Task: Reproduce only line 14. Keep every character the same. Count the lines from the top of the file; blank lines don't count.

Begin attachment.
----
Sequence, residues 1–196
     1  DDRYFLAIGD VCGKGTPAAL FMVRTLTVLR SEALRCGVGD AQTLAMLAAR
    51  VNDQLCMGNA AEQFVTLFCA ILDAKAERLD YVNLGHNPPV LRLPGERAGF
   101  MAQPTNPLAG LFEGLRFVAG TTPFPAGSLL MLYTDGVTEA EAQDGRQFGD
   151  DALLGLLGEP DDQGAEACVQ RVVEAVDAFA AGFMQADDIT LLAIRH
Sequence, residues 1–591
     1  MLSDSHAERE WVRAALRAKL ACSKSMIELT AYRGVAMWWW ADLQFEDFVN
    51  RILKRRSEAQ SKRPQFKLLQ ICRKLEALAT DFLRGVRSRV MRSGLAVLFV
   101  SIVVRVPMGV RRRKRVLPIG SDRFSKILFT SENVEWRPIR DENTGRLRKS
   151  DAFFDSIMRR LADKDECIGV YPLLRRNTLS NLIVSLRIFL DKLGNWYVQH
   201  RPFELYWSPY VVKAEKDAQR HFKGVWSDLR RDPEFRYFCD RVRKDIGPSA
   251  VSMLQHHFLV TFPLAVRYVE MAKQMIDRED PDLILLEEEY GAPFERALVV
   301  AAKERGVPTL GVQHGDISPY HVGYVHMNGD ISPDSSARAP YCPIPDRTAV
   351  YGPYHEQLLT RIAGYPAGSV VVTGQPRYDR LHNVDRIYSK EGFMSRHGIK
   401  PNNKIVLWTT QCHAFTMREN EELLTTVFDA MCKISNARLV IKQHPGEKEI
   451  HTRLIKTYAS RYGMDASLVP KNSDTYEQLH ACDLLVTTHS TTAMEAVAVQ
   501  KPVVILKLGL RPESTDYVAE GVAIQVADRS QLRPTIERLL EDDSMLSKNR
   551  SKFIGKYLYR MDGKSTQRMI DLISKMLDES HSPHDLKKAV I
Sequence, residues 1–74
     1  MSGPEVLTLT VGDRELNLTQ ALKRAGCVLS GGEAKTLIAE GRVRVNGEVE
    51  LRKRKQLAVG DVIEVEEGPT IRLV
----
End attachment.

   351  YGPYHEQLLT RIAGYPAGSV VVTGQPRYDR LHNVDRIYSK EGFMSRHGIK